Since 1978, the Center has maintained a graduate program that has trained students in human health (molecular) toxicology and pollutant remediation (environmental toxicology). Students’ expertise is based on the research conducted in the laboratories of their mentors.
The Graduate Program in Molecular & Environmental Toxicology has granted more than 200 degrees. On average, the program has 35 students, with six entering and six graduating every year. We are happy to have you amongst them. Our office will work with you every step of the way to assure that your goals are achieved and your well-being is secured.
This page contains an overview of the program timeline, highlights & milestones, and other information. For specifics about all of these topics, you can consult the Graduate Program Handbook, which will go in to much further detail.
While this description is applicable to both the PhD and masters programs, it is written with the PhD track in mind. We have a page dedicated to the two masters tracks, should you be more interested in that degree.
During (and before) Orientation Week, students will identify professors that they would like to work with and contact them about setting up possible rotations. Each PhD student will conduct three, 1-month rotations (September, October, November). These are not set-up by the office and are the responsibility of the student to initiate. A student will learn the techniques of the lab, get a feel for the lab environment, and get to know the project and people that they would be working with. Following the rotation, the student and PI will have a debriefing about the experience before moving to the next rotation.
Towards the end of November, the office will contact the students and professors to identify matches (i.e.: Students that want to work with a given professor and the professor would like to work with the student). If this is the case, starting December 1st (or thereabouts), the student will join that lab and begin working on his/her research project. The PI will become responsible for the student’s funding effective January 1st.
If a suitable match is not found, the student may conduct further rotations, provided available funds and adequate progress.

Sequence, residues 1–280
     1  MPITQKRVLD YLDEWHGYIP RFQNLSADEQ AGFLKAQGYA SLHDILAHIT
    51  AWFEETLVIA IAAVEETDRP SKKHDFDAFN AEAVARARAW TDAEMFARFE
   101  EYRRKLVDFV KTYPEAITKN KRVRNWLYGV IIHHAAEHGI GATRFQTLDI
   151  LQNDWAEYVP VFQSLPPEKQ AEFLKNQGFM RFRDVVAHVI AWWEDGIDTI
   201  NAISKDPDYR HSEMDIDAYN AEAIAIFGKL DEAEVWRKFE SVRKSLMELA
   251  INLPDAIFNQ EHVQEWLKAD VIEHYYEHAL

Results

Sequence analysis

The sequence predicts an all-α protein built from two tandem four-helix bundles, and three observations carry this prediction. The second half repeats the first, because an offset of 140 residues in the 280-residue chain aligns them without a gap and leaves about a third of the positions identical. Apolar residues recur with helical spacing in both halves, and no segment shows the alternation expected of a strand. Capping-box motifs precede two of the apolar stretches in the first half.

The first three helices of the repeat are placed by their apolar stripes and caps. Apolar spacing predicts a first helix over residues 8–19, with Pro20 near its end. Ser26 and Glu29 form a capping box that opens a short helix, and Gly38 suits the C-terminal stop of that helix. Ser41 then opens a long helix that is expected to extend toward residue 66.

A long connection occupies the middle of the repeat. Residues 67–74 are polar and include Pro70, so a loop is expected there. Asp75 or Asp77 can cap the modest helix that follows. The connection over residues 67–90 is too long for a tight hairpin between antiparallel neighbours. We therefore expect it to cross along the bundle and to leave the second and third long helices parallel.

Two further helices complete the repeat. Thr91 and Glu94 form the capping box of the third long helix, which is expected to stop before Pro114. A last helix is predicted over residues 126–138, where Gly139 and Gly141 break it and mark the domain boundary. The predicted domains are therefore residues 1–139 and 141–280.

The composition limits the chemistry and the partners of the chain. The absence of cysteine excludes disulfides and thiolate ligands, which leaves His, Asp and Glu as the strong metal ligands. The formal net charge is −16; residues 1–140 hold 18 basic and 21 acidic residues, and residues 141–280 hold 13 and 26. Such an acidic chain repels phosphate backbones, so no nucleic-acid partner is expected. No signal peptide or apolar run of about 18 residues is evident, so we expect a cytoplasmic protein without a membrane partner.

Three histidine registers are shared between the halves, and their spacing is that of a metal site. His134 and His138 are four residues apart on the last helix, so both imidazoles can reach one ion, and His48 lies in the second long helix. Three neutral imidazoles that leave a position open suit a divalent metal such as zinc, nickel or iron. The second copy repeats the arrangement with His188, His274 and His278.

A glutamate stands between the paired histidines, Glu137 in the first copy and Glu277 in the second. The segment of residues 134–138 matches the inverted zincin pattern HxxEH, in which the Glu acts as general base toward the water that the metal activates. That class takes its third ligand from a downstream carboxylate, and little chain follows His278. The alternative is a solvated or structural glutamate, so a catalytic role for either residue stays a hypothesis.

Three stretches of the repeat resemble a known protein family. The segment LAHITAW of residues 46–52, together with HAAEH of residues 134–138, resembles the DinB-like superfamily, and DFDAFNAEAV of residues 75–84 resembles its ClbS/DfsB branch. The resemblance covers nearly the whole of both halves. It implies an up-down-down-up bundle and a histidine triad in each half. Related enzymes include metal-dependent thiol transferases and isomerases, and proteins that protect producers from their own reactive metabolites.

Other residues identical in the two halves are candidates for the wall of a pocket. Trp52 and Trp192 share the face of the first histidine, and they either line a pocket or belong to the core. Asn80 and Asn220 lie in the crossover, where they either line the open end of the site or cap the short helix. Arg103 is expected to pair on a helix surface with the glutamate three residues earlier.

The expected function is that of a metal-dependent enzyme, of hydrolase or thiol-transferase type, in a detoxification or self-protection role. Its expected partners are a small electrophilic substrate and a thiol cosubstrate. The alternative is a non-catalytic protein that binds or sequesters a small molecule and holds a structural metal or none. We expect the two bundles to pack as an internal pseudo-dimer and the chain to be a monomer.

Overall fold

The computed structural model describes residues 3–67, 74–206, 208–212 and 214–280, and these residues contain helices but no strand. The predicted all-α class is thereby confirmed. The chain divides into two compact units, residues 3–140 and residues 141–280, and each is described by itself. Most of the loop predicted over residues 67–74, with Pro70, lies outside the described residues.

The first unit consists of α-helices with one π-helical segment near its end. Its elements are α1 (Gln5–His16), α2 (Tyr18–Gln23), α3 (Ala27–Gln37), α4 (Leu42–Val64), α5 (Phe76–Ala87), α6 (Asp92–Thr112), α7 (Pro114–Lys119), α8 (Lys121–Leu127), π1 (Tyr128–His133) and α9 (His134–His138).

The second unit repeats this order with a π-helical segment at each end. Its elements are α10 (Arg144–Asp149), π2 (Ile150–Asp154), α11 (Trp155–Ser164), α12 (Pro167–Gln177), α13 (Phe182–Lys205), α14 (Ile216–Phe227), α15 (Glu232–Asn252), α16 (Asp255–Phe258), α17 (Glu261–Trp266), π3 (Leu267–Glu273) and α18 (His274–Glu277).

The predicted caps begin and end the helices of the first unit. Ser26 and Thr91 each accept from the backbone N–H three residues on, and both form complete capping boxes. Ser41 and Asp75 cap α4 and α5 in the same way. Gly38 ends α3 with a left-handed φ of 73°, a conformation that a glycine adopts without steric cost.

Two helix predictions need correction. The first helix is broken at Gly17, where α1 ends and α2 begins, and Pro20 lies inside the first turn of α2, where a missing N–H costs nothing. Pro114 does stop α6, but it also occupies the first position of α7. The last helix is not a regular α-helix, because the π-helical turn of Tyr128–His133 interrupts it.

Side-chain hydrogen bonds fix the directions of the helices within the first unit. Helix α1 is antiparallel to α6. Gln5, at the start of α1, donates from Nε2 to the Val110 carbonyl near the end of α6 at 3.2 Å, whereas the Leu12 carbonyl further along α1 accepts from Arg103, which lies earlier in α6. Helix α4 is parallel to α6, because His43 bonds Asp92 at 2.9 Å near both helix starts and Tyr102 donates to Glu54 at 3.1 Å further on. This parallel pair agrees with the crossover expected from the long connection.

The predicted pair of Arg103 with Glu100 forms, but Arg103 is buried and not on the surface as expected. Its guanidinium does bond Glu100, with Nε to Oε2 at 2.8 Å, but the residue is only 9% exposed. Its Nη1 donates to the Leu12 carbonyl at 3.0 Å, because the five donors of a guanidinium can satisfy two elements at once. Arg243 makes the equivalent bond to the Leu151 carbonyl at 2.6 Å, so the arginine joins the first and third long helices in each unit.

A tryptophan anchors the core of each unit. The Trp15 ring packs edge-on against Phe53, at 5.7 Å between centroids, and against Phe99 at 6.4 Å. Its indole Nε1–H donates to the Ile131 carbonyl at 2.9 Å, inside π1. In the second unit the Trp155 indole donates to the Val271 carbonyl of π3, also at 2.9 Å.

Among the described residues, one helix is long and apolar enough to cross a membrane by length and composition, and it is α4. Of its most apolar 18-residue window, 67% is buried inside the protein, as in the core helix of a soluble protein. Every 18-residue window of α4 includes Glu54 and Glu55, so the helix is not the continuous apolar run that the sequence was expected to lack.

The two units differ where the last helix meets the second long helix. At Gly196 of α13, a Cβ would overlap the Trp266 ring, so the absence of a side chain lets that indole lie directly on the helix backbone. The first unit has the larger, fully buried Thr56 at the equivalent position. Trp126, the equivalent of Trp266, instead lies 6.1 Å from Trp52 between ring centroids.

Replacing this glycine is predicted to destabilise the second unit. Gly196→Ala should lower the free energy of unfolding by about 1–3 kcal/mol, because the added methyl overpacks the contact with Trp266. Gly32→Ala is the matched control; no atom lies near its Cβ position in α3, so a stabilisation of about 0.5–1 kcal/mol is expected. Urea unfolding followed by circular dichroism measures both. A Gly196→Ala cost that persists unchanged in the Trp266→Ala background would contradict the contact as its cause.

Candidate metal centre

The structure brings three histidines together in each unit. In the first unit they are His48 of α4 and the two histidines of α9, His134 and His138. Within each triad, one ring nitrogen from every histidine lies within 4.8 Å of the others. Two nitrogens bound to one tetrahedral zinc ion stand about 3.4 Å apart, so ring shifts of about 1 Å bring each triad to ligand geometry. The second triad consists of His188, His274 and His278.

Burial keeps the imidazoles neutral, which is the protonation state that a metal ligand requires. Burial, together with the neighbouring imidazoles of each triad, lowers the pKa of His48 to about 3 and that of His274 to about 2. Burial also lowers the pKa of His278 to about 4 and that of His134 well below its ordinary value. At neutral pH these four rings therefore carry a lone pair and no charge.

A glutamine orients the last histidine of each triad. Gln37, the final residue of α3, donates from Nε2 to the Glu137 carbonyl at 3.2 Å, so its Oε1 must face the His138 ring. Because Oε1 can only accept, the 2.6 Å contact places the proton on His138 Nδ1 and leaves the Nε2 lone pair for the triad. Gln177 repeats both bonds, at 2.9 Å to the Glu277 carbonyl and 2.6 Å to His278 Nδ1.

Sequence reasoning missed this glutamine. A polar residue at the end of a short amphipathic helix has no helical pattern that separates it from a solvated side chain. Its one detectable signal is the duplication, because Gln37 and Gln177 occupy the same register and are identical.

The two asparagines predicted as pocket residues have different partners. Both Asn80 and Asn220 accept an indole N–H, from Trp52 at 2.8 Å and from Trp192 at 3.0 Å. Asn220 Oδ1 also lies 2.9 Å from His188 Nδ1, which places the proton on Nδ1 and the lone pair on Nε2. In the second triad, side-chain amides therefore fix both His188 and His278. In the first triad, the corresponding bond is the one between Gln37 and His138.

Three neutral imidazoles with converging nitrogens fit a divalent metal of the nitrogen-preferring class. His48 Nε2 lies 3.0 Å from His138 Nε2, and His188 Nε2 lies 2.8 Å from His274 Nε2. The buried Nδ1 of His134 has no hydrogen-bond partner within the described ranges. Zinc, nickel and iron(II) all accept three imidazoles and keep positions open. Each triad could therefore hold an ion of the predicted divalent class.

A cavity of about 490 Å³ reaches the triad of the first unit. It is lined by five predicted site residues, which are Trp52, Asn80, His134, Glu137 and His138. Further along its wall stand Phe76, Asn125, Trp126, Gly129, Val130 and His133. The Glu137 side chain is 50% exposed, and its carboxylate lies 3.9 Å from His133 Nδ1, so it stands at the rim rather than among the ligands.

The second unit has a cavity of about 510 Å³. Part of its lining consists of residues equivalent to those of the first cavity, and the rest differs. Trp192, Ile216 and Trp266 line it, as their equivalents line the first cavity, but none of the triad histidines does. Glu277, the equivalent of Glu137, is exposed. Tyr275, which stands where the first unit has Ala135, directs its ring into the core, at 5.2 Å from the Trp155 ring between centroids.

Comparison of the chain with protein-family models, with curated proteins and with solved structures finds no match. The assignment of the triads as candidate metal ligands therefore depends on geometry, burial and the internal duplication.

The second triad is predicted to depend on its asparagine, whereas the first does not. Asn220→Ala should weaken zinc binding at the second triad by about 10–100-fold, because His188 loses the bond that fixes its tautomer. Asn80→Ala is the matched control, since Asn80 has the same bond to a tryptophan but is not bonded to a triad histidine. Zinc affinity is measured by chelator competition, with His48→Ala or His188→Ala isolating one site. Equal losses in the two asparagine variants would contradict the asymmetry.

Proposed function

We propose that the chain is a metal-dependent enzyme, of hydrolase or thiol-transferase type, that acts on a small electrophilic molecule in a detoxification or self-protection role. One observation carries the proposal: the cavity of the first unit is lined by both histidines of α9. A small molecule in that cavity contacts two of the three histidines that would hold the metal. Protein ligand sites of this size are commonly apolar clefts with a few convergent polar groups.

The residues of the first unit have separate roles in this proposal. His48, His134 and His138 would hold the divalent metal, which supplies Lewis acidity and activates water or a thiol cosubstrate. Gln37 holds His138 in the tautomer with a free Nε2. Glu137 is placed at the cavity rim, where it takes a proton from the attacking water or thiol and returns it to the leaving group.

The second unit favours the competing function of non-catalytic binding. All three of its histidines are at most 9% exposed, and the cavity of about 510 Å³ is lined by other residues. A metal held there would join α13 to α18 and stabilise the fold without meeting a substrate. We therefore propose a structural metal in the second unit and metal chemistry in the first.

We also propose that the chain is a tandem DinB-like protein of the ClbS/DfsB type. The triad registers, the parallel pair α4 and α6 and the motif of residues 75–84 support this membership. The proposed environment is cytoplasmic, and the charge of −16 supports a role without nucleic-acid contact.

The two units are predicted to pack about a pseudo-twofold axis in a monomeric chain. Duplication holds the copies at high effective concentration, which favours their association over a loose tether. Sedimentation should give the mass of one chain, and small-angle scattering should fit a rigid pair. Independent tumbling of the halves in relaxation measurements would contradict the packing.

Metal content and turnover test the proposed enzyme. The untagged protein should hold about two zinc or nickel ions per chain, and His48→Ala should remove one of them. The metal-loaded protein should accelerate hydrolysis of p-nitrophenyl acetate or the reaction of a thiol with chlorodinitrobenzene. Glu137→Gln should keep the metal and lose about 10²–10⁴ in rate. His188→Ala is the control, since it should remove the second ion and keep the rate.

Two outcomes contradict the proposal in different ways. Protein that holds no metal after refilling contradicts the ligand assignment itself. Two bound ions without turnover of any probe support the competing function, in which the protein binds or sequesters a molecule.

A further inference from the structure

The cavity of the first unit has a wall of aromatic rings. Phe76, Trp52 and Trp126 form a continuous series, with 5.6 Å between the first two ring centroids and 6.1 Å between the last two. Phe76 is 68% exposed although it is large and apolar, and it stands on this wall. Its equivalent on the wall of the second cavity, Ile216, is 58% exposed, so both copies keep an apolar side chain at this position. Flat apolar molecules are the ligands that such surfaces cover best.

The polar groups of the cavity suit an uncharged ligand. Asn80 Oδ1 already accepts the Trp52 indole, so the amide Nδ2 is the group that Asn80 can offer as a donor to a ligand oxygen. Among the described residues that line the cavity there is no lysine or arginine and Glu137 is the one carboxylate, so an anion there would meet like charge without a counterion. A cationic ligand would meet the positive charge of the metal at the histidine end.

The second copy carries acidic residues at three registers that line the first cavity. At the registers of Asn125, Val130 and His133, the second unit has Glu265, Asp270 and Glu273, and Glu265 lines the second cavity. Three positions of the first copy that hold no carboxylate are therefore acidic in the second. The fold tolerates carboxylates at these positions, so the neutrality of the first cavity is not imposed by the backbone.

Courses are designed to provide a framework for asking appropriate toxicological questions as well as introduce experimental methods and information sources useful in addressing these questions. Molecular & Environmental Toxicology currently has seven core courses comprising topics that range from the fundamentals of toxicology to the chemical and physical parameters to dictate chemical distribution in the environment, as well as responsible conduct and professional development. A comprehensive listing of our curriculum can be found here.
Moving to Candidacy (Dissertator Status):
Aside from the final defense, the completion of the Preliminary Exam, which moves a student to candidacy, is the biggest program milestone. This milestone, once complete, essentially means that no one can make a student take another course again and 75% (per NIH guidelines) of a student’s time is dedicated to research. Through their thesis research projects, students learn to seek the mechanisms relating to the origin and fate of chemicals in the environment and underlying the phenomenological changes induced by toxicants in humans, animals and plants (depending on the lab), and this is the basis for the dissertation. This is typically accomplished by students by no later than their third year. If there are issues, those should be brought up with the student’s advisor, the program director, and the program administrator, so that a suitable timeline and accommodations are made.
After a student has moved to candidacy, the main focus is the research, so that it can be published and defended (i.e.: The student graduates). The typically time to degree is 5.5 years.
If at any time you have questions or need assistance, don’t hesitate to speak to Program Administrator Mark Marohl.